That's a very sweeping statement. You are attempting to speak for an entire populace of American Jews and non Jews. Wow. You use the word 'all' very freely.
Your opinion is valuable as YOUR opinion; but please don't speak for me.

170 million people died in holocausts in the 20th century only a small percentage of these people were Jews. It's time for the Israelis to recognize that they are a drop in the bucket of the problems of the bigger world. Racism, apartheid policies, stealing the water the Palestinians have are only creating more problems for the Jews of Israel...they are not just a public relations disaster for themselves in the bigger world, they are an insidious moral decay and destruction eating away at anything decent that was left of the Israeli ideal. It's sickening to watch. We all used to admire Israel. Now, neither American Jews, nor non Jews feel much but shame and horror.

I think perhaps Israel will destroy itself if it continues down the road it's on. It's sad to see it turn itself into a pariah state - the entire world is embarrassed by its racism and violence. There is no excuse for it. If someone dares to bring it up, insults are thrown in their face or various reasons are found why they shouldn't have an opinion.

We ALL judge by our own circumstances.

Hopefully, we also allow the circumstances of others to have impact on our hearts and minds, as well.

A thief judges by his own circumstances ...

I am a 51 year old American Jew.

I have dear friends who are survivors of the holocaust. Many of them Reform Jews.

Hitler considered them Jewish. He sought to exterminate them, as he did other Jews. He had them imprisoned, as he did other Jews. He had them tortured, as he did other Jews. He had their loved ones murdered, as he did other Jews.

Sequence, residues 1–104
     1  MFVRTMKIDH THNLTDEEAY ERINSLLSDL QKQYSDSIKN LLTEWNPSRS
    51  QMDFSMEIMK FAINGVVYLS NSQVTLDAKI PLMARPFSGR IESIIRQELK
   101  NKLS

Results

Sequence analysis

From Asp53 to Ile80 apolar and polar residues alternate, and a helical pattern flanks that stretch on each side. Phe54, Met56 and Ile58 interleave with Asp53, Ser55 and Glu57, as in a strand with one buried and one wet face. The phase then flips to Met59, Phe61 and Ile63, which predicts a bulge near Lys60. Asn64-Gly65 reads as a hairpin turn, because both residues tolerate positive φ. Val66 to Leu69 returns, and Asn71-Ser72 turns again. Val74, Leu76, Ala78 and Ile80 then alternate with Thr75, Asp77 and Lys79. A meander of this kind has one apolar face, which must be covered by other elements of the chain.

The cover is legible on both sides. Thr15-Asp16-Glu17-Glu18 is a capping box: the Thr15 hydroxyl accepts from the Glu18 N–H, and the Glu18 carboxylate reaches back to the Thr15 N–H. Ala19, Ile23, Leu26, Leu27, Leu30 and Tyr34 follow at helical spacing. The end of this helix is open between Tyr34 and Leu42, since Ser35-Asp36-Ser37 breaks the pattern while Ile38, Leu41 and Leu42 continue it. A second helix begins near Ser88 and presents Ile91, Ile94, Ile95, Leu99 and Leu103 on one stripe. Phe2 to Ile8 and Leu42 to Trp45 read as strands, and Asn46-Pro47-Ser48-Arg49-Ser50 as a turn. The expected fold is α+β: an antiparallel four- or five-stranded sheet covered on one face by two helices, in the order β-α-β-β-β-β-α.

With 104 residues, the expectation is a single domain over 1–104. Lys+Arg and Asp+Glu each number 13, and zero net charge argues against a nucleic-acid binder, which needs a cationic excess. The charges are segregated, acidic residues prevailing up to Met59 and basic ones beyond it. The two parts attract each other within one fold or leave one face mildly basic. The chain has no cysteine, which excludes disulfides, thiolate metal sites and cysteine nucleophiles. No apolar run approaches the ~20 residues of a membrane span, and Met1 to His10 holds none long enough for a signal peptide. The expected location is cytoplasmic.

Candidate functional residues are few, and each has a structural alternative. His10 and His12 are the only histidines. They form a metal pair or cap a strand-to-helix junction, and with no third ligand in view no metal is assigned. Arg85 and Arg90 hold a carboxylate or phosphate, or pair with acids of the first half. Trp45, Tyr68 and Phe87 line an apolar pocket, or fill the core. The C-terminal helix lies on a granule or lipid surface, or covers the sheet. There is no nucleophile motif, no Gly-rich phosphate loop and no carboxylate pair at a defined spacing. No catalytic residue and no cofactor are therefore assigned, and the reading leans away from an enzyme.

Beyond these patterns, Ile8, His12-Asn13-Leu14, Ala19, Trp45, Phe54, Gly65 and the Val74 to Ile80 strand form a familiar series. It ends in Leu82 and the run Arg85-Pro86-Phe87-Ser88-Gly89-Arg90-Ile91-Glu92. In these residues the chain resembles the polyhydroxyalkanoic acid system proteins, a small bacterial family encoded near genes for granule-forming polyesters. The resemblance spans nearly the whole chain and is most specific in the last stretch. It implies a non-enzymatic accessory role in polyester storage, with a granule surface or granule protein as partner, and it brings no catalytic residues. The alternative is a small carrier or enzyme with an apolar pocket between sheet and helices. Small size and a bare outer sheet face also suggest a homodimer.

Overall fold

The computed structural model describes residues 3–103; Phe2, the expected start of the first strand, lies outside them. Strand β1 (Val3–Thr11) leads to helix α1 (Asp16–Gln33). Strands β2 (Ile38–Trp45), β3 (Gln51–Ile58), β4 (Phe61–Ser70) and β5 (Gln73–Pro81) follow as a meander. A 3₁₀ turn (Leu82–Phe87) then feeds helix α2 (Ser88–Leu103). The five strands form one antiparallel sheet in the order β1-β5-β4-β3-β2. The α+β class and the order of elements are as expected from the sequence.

Do those in Israel who deny Reform Jews are truly Jewish dare to say that the number of Jews murdered in the holocaust is not six million?

For me, Israel is not the embarrassment; no, that spotlight shines on a small group who has declared itself superior to all other Jews in the world and who seeks to exercise political and religious control at the expense anyone who does not practice their religion in the same ways this group does. Extremism in any form is destructive and self serving. As this group garners more power, the dominoes continue to fall, and the road that might actually lead to some hope of peace in the Middle East remains far off in the distance...barely visible.

There is no compromise and no negotiation for them. Jews who practice their faith differently are shunned by them for not being the kind of Jew considered truly Jewish - by THEIR standards.

Some of them claim Israel won't survive without them in power, seeking to create fear in the hearts of those who go to great effort to support Israel.

The bottom line for me is those who have been persecuted should know better than to claim superiority over anyone else. Period.

Well-stated, poignant and correct.

Comment Guidelines

The Jewish Week feels comments create a valuable conversation and wants to feature your thoughts on our website. To make everyone feel welcome, we won't publish comments that are profane, irrelevant, promotional or make personal attacks.

Add comment

The content of this field is kept private and will not be shown publicly.
By submitting this form, you accept the Mollom privacy policy.